Organizations use a variety of efforts to capitalize on diversity, including recruiting and selection policies, as well as training and development practices. Effective, comprehensive workforce programs encouraging diversity have three distinct components. First, they teach managers about the legal framework for equal employment opportunity and encourage fair treatment of all people regardless of their demographic characteristics. Second, they teach managers how a diverse workforce will be better able to serve a diverse market of customers and clients. Third, they foster personal development practices that bring out the skills and abilities of all workers, acknowledging how differences in perspective can be a valuable way to improve performance for everyone. Much concern about diversity has to do with fair treatment. Most negative reactions to employment discrimination are based on the idea that discriminatory treatment is unfair. Regardless of race or gender, people are generally in favor of diversity-oriented programs, including affirmative action, if they believe the policies ensure everyone a fair opportunity to show their skills and abilities. Some diversity programs are truly effective in improving representation in management. They include strategies to measure the representation of women and minorities in managerial positions, and they hold managers accountable for achieving more demographically diverse management teams (Robbins and Judge, 2013).
Women in Organizations
Several studies show that business organizations stand to gain from the presence of women, especially on their Boards of Directors. Although women will remain a distinct minority on boards for the foreseeable future, women continue to be appointed to boards through their personal relationships as well as track records and appropriate expertise (Burke, 1997). Findings appear to show that, among others: (1) firms employing more women managers have probably done a better job of recruiting capable managers from the total available talent pool, and consequently will be in a better position to link with customers, employees, and other constituencies (Shrader et al., 1997); (2) firms having a higher proportion of women serving on their boards do engage in charitable giving to a greater extent than firms having a lower proportion of women serving on their boards. Further, the results suggest a link between the percentage of women on boards and firm. philanthropy in the areas of community service and the arts, but found no link between women board members and firm giving issues (Williams, 2003); (3) investors (in Singapore) value the diversity and potential contribution of women on the board of directors, that is, the appointment of female directors may be viewed as a means of improving corporate governance affirms whose boards may be dominated by old-boys networks, besides adding to the diversity of corporate boards (Ding and Charoenwong, 2013); and (4) since women represent a significant proportion of the customer base in many corporations, the presence of female directors would bring the female perspective to the boardroom and positively impact the bottom-line of companies, as explained by evidence that male CEOs find the viewpoints of female directors beneficial in understanding female clients (Burke, 1994).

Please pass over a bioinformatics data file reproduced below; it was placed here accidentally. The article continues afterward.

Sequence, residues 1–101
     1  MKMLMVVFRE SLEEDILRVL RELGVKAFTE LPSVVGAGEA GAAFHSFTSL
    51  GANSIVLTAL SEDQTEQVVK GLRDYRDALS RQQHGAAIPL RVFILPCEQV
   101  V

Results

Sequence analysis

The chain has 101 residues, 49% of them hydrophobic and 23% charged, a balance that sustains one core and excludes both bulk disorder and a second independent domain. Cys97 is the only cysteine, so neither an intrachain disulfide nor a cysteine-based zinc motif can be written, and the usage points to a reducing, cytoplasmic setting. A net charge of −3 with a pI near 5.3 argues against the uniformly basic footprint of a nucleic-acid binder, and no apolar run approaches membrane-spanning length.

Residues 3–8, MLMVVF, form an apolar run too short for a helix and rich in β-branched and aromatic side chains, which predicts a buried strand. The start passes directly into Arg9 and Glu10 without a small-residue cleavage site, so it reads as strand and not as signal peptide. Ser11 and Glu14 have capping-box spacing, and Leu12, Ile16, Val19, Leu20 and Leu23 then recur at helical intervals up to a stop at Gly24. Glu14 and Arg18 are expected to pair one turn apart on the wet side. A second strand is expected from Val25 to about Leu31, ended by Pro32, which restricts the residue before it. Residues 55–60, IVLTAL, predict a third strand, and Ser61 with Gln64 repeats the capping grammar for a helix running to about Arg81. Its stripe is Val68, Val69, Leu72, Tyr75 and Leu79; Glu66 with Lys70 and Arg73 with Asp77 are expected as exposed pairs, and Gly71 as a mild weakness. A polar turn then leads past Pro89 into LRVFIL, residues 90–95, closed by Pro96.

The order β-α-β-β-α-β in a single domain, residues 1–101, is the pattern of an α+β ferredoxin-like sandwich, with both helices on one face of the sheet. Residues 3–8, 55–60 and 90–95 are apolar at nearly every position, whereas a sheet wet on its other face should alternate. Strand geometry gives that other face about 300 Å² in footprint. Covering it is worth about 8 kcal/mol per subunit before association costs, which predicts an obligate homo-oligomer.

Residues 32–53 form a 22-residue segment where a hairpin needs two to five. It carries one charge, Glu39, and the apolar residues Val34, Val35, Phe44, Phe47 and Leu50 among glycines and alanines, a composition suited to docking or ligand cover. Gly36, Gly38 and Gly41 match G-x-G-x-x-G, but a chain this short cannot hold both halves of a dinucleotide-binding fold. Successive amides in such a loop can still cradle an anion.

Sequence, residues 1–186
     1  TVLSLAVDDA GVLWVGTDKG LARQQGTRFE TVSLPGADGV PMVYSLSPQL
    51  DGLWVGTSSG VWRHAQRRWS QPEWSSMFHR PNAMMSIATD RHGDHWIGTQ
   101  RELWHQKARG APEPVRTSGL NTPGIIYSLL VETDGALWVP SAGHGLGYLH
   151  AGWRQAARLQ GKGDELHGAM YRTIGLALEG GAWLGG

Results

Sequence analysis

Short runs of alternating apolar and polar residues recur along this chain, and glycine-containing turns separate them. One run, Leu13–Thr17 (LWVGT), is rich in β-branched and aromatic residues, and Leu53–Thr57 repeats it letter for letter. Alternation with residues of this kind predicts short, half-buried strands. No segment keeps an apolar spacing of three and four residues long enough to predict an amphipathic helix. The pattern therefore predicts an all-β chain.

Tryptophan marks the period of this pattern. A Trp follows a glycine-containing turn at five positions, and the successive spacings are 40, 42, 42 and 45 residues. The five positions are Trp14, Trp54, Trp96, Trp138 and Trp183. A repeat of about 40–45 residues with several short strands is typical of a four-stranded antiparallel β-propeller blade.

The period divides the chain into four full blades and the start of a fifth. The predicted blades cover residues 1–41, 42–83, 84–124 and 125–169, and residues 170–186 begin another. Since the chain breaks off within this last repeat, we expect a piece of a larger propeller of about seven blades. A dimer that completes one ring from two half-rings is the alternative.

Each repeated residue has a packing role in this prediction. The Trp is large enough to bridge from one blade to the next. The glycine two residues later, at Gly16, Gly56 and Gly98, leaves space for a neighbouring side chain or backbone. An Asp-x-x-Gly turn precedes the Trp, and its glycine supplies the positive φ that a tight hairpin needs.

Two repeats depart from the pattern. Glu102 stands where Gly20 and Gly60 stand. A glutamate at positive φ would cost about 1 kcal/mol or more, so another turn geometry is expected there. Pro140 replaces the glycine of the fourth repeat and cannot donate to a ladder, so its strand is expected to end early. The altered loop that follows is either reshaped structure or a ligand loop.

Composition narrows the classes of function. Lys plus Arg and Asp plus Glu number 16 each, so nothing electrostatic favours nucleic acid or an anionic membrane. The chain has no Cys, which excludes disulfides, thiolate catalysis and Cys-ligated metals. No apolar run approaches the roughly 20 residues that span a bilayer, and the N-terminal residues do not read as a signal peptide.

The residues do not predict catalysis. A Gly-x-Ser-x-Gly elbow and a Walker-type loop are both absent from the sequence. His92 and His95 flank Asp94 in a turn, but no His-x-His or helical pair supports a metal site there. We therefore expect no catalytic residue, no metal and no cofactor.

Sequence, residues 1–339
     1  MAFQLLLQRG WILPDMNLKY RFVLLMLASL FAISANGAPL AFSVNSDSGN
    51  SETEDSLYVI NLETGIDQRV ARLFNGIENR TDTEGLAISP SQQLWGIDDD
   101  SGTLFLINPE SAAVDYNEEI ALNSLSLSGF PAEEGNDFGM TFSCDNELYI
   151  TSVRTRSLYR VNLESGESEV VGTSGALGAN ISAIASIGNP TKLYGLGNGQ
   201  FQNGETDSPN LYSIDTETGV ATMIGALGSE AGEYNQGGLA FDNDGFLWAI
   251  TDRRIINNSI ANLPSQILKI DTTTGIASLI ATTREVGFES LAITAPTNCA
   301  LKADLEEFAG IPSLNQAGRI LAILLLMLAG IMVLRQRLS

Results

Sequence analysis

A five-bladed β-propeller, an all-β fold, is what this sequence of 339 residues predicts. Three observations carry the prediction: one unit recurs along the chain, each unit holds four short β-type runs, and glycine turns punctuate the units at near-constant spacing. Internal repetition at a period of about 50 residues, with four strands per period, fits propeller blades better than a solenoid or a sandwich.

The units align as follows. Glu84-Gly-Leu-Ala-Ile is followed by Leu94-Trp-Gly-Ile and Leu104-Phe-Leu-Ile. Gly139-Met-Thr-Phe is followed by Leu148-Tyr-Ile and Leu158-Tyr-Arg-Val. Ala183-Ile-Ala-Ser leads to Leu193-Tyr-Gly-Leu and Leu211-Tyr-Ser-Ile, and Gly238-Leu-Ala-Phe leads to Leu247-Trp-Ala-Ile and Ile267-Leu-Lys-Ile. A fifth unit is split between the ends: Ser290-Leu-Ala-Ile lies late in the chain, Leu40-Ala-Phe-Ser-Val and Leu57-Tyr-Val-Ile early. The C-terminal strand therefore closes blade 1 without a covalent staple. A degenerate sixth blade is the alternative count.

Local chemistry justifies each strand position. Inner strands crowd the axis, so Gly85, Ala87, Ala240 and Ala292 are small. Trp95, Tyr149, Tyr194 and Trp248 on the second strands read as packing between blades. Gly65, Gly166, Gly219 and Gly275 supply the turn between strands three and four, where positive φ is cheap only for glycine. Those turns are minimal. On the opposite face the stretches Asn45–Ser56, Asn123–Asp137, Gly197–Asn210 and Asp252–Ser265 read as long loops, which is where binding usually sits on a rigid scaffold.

An oft-repeated research topic in this area is whether and how the participation of women in the firm’s board of directors and senior management enhances financial performance. Some findings show that firms operating in complex environments do generate positive and significant abnormal returns when they have a high proportion of women officers. Although the participation of women as directors does not seem to make a difference in this regard, firms with a high proportion of women in both their management and governance systems generate enough value to keep up with normal stock-market returns. These findings tend to support the policies currently being discussed or implemented in some countries and organizations to foster the advancement of women in business (Francoeur et al., 2008). Likewise, firms employing higher percentages of women are likely to perform better inasmuch as they are more progressive and more competitive because their management contingents more closely mirror the composition of existing markets (Shrader et al., 1997).